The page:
Mantra meditation is an alternative to mindfulness meditation for those who don’t enjoy the silence of a breathing anchor. Allow the one-syllable word or sound (must people use “om”) to vibrate through your core, connecting your mind and your body through gentle movement and deep awareness. The use of a mantra can also promote peacefulness as the sounds can be really relaxing. And when thoughts arrive, let them come and go and refocus on your mantra.
5. Transcendental meditation
Founded by Maharishi Mahesh Yogi, this type of meditation has been widely researched and is designed to quiet the mind and relax the body into peacefulness. Unlike mantra meditation where the sound is spoken aloud, the mantra is repeated silently in your head. You can choose a phrase or sound to repeat whilst you close your eyes and relax into the present moment. This phrase could be to enhance your mood or increase motivation for the day.
6. Progressive relaxation
Also known as the body scan meditation, progressive relaxation is designed to relax and alleviate the mind and body of tension, and therefore a great way to kick those restless nights of tossing and turning! Progressive relaxation is carried out by slowly tightening one muscle group and then relaxing the muscles one at a time throughout the body. Oftentimes people visualise a gentle wave flowing through the body to aid the freeing of tension.
7. Loving-kindness meditation
This meditation is great for those who wish to develop personally or spiritually by strengthening their feelings of love, kindness, acceptance and compassion either towards themselves or others. Typically, this involves thinking of someone and sending them love and your best wishes, then extending this to other family members, friends and acquaintances until eventually extending to all other living beings. This help relieves negative feelings towards others, perhaps jealousy or anger and resentment. In turn, this helps relax the muscles of tension caused by holding onto bad feelings.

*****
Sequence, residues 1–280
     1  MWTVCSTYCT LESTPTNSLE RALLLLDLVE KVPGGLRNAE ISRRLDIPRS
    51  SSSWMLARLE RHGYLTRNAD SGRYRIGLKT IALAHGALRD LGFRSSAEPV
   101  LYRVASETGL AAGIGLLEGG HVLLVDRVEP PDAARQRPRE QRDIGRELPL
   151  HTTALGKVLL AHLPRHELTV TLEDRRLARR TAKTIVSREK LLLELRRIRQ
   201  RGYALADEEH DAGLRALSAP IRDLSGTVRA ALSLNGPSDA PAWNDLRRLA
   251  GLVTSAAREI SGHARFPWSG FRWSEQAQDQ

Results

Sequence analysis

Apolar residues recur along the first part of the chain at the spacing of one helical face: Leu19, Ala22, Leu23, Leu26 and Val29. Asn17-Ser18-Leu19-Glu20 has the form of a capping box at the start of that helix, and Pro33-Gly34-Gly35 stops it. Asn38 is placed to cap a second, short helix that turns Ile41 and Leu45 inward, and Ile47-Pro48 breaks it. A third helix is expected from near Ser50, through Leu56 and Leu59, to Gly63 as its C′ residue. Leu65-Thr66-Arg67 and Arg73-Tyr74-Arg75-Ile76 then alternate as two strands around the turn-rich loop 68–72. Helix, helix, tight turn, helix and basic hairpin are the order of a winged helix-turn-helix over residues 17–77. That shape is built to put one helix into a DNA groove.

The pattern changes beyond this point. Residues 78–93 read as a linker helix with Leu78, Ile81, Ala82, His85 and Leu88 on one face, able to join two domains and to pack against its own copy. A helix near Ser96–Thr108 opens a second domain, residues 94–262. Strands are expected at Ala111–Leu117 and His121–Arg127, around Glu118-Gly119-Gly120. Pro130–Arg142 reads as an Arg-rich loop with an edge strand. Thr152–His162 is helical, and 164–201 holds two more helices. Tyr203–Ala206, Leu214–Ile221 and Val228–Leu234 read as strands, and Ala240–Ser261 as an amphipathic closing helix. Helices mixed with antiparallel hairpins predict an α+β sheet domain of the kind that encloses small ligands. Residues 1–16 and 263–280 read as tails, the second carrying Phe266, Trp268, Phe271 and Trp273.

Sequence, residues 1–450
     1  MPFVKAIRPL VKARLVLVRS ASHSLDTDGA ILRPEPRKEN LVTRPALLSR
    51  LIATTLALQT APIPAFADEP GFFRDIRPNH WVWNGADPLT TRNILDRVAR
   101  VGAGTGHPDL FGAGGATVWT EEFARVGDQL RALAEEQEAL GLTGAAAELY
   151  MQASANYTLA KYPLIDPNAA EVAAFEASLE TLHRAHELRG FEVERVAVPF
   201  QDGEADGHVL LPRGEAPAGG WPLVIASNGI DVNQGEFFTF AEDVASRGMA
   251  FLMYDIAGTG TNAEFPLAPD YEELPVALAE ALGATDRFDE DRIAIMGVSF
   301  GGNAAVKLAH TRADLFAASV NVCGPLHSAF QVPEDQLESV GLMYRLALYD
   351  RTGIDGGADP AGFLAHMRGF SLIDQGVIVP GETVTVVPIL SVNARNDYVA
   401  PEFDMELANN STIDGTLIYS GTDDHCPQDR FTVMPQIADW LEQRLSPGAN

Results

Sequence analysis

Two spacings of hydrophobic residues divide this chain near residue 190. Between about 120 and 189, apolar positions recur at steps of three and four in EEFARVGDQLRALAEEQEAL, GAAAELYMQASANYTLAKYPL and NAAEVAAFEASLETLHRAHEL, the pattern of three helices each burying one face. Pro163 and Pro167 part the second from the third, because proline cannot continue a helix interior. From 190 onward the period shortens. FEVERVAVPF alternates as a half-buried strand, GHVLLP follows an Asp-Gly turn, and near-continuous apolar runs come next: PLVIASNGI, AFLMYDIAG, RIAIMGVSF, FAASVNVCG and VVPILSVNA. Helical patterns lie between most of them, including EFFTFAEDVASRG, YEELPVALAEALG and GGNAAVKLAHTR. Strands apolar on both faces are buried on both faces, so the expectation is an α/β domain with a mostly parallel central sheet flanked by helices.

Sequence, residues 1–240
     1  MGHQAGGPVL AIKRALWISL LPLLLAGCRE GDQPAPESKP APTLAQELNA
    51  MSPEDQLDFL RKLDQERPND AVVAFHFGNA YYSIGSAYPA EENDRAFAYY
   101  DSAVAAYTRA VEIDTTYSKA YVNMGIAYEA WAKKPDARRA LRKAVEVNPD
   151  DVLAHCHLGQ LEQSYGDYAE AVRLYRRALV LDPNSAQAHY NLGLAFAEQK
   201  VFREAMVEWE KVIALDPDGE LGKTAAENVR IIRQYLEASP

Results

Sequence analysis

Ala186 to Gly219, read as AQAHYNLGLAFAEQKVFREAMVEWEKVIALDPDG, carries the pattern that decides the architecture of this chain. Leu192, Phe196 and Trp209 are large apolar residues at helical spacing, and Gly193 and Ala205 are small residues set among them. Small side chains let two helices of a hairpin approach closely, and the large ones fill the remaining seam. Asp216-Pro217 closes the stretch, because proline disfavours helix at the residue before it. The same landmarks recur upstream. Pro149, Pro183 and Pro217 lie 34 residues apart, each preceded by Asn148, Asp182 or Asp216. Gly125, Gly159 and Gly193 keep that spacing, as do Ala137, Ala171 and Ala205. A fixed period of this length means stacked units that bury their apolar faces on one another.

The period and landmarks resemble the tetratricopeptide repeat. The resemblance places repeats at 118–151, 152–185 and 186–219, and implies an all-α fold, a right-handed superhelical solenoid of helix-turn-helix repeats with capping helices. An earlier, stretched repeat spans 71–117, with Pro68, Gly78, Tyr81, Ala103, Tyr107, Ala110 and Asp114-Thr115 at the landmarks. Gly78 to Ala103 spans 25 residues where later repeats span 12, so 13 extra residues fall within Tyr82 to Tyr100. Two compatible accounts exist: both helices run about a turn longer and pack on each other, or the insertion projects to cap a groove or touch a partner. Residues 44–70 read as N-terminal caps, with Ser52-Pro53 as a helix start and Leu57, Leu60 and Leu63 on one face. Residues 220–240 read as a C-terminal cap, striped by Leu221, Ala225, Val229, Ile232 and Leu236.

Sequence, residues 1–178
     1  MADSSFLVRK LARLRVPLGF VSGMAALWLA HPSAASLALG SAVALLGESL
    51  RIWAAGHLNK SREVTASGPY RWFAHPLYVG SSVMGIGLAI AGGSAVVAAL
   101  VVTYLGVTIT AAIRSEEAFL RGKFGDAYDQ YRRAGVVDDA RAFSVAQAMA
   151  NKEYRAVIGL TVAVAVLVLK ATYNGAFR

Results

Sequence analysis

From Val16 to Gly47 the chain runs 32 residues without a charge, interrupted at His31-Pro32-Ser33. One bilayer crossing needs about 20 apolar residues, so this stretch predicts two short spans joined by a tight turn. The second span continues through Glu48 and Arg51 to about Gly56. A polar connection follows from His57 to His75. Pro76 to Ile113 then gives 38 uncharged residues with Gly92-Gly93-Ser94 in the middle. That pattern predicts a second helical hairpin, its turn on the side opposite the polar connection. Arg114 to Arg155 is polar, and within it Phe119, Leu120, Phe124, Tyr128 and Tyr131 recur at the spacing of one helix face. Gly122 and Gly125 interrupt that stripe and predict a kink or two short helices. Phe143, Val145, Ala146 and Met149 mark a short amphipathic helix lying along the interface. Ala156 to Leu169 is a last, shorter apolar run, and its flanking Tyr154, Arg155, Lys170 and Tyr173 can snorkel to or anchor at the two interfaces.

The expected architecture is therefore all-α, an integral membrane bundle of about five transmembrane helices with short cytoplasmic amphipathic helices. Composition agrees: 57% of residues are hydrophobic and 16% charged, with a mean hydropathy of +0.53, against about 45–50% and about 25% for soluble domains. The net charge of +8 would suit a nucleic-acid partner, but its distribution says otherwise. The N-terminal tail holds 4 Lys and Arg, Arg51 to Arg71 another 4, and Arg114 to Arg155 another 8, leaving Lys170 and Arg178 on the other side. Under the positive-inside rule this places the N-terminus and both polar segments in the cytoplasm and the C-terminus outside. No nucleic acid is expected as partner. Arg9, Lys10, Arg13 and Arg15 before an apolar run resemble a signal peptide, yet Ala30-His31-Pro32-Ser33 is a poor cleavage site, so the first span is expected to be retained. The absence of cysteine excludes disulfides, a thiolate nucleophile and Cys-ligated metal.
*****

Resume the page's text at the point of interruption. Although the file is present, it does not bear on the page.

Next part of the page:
8. Visualisation meditation
Visualisation meditation is a technique designed to lift a person’s mood, reduce feelings of anxiety and enhance peacefulness. This is achieved by visualising a positive scene, going deeper into the scene by imaging the 5 senses, what can you see, smell, hear, feel, taste? In some cases, people visualise a person whose qualities they wish to embody. Alternatively, another technique is to visualise yourself achieving a goal, with the intention of going into as much detail as possible and feeling the positive emotions that the visualisation stimulates. This is done to increase your motivation towards achieving your goals and boost your mood.
The beauty of meditation is that it doesn’t require anything to get started, just yourself. It all starts with you. It may be easier for beginners to listen to a guided meditation or follow a teacher, but this is not compulsory to get started. Begin by finding a quiet and comfortable spot, maybe under the old apple tree in your garden or on your favourite beanbag in your room. Set a time limit, it may be that as a beginner 5 minutes is plenty, in time you can then work this number up to 10, 15, 20 once you master your practise. Close your eyes, scan your body and become aware of the present moment, using your breath to anchor yourself if your mind wanders.
The action of coming back to the present moment is what trains your mind, so don’t be disheartened if at first, you find yourself wandering into the past or worrying over the future. Breaking negative habits and thought patterns takes time.